AVIAN GENOMIC AND IMMUNOLOGIC APPROACHES FOR CONTROLLING MUCOSAL PATHOGENS
Title: An outbreak of gangrenous dermatitis in commerical broiler chickens
| Li, G - |
| Lee, K - |
| Park, M - |
| Jang, S - |
| Pages, M - |
| Buchan, G - |
| Gay, C - |
| Ritter, D - |
| Bautista, D - |
| Newumann, A - |
| Rehberger, T - |
| Siragusa, G - |
Submitted to: Avian Pathology
Publication Type: Peer Reviewed Journal
Publication Acceptance Date: June 20, 2010
Publication Date: August 20, 2010
Citation: Li, G., Lillehoj, H.S., Lee, K.Y., Park, M.S., Jang, S.I., Pages, M., Buchan, G.R., Gay, C.G., Ritter, D., Bautista, D., Newumann, A.P., Rehberger, T.G., Siragusa, G.R. 2010. An outbreak of gangrenous dermatitis in commerical broiler chickens. Avian Pathology. 39(4):247-253.
Interpretive Summary: Gangrenous dermatitis (GD) is caused by the Gram-positive spore-forming anaerobic bacilli Clostridium perfringens (CP) type A and C. septicum (CS) and both CP and CS may synergistically contribute to severe disease pathology associated with GD. However, factors which contribute to the outbreak of GD remains unknown. While the incidence of GD outbreaks has decreased with the advent of in-feed antibiotics, recent voluntary or legally-mandated withdrawal of antibiotic growth promoters (AGPs) and anti-coccidial drugs (e.g. ionophores) threatens the re-emergence of GD as a major emerging disease in poultry and turkey. According to the United States Animal Health Association’s Committee on Transmissible Diseases of Poultry and other Avian Species, GD has consistently ranked as a top priority disease for the poultry industry in recent years. In this report, ARS scientists working together with scientists from University of Delaware Extension Service, Mountaire Farms and Danisco Laboratory investigated a field outbreak of GD in the Eastern Shore farms in Maryland and conducted a detailed molecular characterization, immunohistology and enzyme-linked immunoassays to identify pathogens involved in GD in order to better understand host-pathogen immunobiology. Immunofluorescence staining revealed Clostridium-like bacilli in skin and intestine and CP and CS genomic sequences were identified by PCR in bacterial cultures isolated from skin, muscle, and intestine from diseased birds. Immunological studies revealed heightened inflammatory response and high levels of pro-inflammatory cytokines in local tissues affected by GD. These results provide the basic knowledge on pathogenesis mechanism of GD that will help to understand innate and adaptive immune response of GD for development of comprehensive treatment of this disease.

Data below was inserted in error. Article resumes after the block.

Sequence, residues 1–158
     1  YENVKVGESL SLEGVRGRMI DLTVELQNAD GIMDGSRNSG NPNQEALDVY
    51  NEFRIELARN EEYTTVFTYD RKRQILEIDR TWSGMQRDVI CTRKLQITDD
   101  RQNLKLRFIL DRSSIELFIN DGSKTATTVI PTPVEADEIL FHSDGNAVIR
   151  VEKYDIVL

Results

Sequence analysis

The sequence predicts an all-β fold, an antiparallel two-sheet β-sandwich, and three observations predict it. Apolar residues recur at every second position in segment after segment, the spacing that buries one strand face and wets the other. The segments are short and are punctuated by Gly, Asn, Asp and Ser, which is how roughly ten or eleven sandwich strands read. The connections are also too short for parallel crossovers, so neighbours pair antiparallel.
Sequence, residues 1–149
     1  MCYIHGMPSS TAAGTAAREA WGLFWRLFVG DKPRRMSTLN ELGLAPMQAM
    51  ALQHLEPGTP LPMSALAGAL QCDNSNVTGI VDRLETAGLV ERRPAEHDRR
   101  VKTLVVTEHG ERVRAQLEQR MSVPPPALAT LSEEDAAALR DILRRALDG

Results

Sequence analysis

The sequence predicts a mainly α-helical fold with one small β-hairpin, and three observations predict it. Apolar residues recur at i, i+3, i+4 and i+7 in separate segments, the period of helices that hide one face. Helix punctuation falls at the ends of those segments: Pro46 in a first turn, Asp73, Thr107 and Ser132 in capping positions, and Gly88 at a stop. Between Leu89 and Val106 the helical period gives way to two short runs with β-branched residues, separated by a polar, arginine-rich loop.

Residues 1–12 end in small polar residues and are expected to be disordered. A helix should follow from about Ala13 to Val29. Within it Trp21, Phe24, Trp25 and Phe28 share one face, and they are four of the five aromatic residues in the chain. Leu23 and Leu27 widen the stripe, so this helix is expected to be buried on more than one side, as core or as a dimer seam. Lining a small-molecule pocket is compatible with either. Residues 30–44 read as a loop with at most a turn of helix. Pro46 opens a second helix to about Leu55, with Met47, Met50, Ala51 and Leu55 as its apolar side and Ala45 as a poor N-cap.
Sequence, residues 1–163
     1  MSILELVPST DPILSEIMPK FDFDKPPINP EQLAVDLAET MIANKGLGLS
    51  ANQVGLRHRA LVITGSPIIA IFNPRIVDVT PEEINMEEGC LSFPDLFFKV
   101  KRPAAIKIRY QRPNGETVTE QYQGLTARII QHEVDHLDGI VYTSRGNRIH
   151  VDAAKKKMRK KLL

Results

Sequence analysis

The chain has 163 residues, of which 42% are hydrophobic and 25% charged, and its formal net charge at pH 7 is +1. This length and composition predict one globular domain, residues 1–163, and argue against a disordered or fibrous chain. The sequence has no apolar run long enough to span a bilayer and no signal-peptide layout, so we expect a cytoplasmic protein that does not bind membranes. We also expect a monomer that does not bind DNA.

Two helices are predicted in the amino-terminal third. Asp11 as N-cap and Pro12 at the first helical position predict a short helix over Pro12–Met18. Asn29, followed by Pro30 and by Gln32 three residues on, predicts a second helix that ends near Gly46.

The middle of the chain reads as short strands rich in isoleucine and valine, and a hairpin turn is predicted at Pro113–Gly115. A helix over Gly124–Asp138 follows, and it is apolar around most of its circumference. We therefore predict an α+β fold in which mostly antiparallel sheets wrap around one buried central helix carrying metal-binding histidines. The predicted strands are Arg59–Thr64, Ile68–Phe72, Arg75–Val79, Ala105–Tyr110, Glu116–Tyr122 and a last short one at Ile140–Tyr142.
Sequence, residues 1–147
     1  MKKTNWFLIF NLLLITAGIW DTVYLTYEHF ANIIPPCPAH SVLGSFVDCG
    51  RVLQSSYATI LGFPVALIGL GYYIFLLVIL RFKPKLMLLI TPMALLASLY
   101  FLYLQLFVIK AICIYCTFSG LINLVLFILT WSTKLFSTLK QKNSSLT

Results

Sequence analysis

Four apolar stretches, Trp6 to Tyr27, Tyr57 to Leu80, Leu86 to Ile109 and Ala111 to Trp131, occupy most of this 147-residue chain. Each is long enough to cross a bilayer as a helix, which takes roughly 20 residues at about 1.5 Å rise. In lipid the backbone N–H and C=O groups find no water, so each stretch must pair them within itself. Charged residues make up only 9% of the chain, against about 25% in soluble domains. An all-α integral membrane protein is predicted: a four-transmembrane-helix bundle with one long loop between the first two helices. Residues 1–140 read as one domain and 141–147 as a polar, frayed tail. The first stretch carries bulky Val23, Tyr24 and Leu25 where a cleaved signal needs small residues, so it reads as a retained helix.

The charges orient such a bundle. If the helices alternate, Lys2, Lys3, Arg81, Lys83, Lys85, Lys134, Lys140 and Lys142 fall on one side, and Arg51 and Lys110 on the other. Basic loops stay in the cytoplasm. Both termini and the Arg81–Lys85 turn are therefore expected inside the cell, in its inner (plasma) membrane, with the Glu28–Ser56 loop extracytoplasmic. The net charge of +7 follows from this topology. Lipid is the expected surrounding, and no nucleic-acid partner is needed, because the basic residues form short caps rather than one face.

Gangrenous dermatitis (GD) is an emerging disease with increasing economic importance. This experiment was undertaken to describe symptoms, patholgocial changes and diagnosis of GD and to study their immunopathology and cytokine expression alterations. In addition to description of symptoms, pathological lesions and diagnosis of GD, ten GD-likely birds, and 5 clinical-healthy birds were selected for sample collection to study nitric oxide (NO), acute phage protein (AGP), immunopathologic changes and the alterations of cytokine expression. There observed typical clinical symptoms, gross lesions included discoloration of skin around the breast, abdomen, and wings as a result of congestion, necrosis, and emphysema (gas accumulation), discoloration of muscle with serosanguineous fluid, and fibronecrotic enteritis. Histopathological findings included hemorrhagic lesions, degeneration, and necrosis of parenchymatous cells, especially of skin, muscles, and intestines. Immunofluorescence staining revealed Clostridium-like bacilli in skin and intestine. C. perfringens (CP) and C. septicum (CS) genomic sequences were identified by PCR in bacterial cultures isolated from skin, muscle, and intestine and in frozen tissues from diseased birds. Serological analysis demonstrated that both diseased and healthy birds had high antibody titers against CP, CS, Eimeria, CAV, and IBDV. For the immunopathology and cytokine expression changes, The splenocyte proliferative function stimulated with Con A and LPS was significantly depressed in GD-likely chickens compared with those of clinical healthy chickens; GD chickens could produced more NO and a-1-AGP in serum; More K55, K1, CD8, MHC II positive cells in skin, and K55, K1, CD8, TCR1, TCR2, Bu1, MHC II positive cells in intestine of GD birds were observed; The expression levels of mRNAs encoding immune related cytokines decreased and pro-inflammatory and chemokine increased in GD birds. These results provide the foundation for elucidation of pathogenesis mechanism of GD and for future analysis of innate and adaptive immune response of GD and comprehensive prophylaxis and treatment of this disease.